Some two thousand men and women witnessed it on Sunday afternoon, April 23, 1899, near Newman, Georgia, some of them arriving from Atlanta on a special excursion train. After stripping Hose of his clothes and chaining him to a tree, the self-appointed executioners stacked kerosene-soaked wood high around him. Before saturating Hose with oil and applying the torch, they cut off his ears, fingers, and genitals, and skinned his face. While some in the crowd plunged knives into the victims flesh, others watched "with unfeigning satisfaction" (as one reporter noted) the contortions of Sam Hose's body as the flames rose, distorting his features, causing his eyes to bulge out of their sockets, and rupturing his veins. When in Hose's agony he almost managed to unloosen his bonds, the executioners quenched the flames, retied him, and applied more oil to the body before relighting the fire. "Such suffering," reported on newspaper,"has seldom been witnessed." The only sounds that came from the victim's lips, even as his blood sizzled in the fire, were "Oh, my God! Oh, Jesus!" Before Hose's body had even cooled, his heart and liver were removed and cut into several pieces and his bones were crushed into small particles. The crowd fought over these souvenirs, and the "more fortunate possessors" made some handsome profits on the sales. (Small pieces of bones went for 25 cent, a piece of the liver "crisply cooked" sold for 10 cents). Shortly after the lynching, one of the participants reportedly left for the state capitol hoping to deliver to the governor of Georgia a slice of Sam Hose's heart. No member of this crowd wore a mask, nor did anyone attempt to conceal the names of the perpetrators. Reporters noted the active participation of some of the region's most prominent citizens in the execution.
These kind of events are what led to Civil Rights movement of the fifties and sixties. Between 1882 and 1959 there were an estimated 4,733 lynchings in the United States. Many more occurred that were never reported. When people had sit-ins, and marched through the South, it was a big deal. When a quarter of a million people marched on Washington to demand the passage of civil rights legislation, it was truly the end of an era. These things had never been done before. They were shocking to many, and highly emotional for all who participated. The images from these events were broadcast on television and reproduced in countless newspapers and magazines. It was a time of radical change. And for the most part, it worked.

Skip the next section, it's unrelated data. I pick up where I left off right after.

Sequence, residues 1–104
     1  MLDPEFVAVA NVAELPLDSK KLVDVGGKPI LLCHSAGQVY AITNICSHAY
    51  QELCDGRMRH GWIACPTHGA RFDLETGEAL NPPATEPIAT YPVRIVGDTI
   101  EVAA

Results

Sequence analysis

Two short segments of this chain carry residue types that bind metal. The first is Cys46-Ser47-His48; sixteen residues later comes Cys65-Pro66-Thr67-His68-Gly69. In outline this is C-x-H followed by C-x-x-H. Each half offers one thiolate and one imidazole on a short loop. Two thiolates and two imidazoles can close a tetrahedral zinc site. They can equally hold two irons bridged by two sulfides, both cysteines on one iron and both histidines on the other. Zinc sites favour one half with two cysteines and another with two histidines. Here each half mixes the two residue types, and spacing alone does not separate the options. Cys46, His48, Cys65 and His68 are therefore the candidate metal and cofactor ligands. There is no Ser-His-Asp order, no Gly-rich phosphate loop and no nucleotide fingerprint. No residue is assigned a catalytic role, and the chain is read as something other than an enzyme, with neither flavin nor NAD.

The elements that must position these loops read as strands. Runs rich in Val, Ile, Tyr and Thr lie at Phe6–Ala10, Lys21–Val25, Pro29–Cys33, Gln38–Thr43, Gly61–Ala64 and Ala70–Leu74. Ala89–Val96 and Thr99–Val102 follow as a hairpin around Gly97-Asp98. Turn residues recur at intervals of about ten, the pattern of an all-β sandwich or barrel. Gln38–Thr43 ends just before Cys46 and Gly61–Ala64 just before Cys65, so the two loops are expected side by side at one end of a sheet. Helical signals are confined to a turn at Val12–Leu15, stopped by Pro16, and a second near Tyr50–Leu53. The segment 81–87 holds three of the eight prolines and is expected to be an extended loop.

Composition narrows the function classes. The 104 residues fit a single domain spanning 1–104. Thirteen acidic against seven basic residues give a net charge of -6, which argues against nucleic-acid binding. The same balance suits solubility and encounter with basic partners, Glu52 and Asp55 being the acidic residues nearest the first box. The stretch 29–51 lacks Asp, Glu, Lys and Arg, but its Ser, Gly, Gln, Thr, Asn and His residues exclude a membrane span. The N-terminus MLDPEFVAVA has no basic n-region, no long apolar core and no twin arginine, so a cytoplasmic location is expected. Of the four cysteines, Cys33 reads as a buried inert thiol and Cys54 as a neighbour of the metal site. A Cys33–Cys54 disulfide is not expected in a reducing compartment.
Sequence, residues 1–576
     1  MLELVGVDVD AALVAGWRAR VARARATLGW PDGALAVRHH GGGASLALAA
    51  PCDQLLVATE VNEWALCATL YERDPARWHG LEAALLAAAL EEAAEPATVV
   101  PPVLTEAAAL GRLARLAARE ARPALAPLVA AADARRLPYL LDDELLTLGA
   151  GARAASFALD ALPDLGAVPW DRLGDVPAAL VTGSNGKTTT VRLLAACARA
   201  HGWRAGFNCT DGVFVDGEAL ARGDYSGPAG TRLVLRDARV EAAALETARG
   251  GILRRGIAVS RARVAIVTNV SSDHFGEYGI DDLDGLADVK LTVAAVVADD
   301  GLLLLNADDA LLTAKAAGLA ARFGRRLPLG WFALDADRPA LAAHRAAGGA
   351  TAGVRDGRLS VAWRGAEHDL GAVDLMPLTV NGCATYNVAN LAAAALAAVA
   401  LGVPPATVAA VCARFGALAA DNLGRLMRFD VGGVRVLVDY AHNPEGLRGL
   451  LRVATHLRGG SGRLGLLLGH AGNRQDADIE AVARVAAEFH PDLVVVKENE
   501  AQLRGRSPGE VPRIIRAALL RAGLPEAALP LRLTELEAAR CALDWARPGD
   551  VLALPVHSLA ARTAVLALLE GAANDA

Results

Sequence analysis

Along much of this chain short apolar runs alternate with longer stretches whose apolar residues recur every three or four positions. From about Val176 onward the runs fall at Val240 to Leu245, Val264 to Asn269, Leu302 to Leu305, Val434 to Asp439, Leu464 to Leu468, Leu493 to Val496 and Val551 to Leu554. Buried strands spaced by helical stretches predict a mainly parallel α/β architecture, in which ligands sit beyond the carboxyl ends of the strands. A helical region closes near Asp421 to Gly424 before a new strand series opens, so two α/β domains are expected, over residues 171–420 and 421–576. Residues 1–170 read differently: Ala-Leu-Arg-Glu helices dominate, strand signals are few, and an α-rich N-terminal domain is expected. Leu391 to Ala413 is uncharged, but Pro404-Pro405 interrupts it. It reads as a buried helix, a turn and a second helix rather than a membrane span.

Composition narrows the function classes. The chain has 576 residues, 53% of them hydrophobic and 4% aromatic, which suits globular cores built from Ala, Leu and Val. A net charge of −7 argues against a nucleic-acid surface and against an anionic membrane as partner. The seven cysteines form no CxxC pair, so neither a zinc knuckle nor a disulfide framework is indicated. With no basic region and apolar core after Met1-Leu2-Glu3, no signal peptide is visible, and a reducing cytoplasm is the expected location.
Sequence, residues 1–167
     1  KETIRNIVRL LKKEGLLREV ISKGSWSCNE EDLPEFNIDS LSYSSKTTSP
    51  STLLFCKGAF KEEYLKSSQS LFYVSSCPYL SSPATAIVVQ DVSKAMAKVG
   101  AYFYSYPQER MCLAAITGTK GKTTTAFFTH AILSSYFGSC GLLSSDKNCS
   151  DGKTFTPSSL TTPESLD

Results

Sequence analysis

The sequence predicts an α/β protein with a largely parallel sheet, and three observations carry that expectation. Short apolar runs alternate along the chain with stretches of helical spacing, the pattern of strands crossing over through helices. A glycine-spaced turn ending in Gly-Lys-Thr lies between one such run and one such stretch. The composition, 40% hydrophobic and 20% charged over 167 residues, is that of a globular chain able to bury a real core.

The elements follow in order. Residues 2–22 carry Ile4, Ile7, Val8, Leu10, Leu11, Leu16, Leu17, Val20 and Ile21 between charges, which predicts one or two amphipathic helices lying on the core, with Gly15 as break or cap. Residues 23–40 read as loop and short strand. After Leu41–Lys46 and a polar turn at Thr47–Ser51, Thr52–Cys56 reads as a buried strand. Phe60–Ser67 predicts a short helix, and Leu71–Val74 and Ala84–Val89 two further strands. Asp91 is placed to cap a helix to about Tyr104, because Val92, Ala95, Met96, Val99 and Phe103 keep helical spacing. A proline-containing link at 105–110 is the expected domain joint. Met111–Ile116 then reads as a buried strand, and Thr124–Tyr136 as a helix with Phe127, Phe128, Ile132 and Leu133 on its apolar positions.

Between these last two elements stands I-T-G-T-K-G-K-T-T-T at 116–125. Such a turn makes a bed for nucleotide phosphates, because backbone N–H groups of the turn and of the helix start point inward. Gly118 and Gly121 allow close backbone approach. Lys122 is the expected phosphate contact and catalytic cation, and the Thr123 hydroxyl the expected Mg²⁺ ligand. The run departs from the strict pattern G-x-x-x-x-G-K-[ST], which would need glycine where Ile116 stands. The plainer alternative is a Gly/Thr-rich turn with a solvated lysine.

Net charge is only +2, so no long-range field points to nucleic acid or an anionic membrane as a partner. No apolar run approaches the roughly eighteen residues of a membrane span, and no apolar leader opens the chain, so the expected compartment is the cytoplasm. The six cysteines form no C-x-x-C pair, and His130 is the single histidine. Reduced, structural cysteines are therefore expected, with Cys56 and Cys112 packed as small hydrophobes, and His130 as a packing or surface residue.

Fast forward to today. While the outcomes of the Michael Brown and Eric Garner murders have sparked rage and inspired people to take to the streets, it's hard to see what change that will bring. We may see officers sporting body cameras, and maybe we'll see some more transparency in New York grand jury proceedings, but what else?
Let's be clear, racism still exists. The difference is that it's not overt. You won't see another Sam Hose and this isn't 12 Years a Slave. You're more likely to hear the N-word in a song or from some Asian or Hispanic kid - not being used as a racial slur. With that being said, what can we do - how do you fight an enemy you feel, but can't see? You don't do it by doing what worked fifty years ago. This is a different enemy, a different game.
Unfortunately, I don't have an answer to any of these questions. I wish I did. What I do know is that in any game you must constantly change your strategy to fit your situation if you want to win. Gandhi had the right strategy for the game he was playing, the aforementioned civil rights leaders had the winning strategy for their time. What's the winning strategy today? Time will tell, but if history has taught us anything, it's that the answer will come from patient and dedicated leaders who will adapt their strategies to fit the times.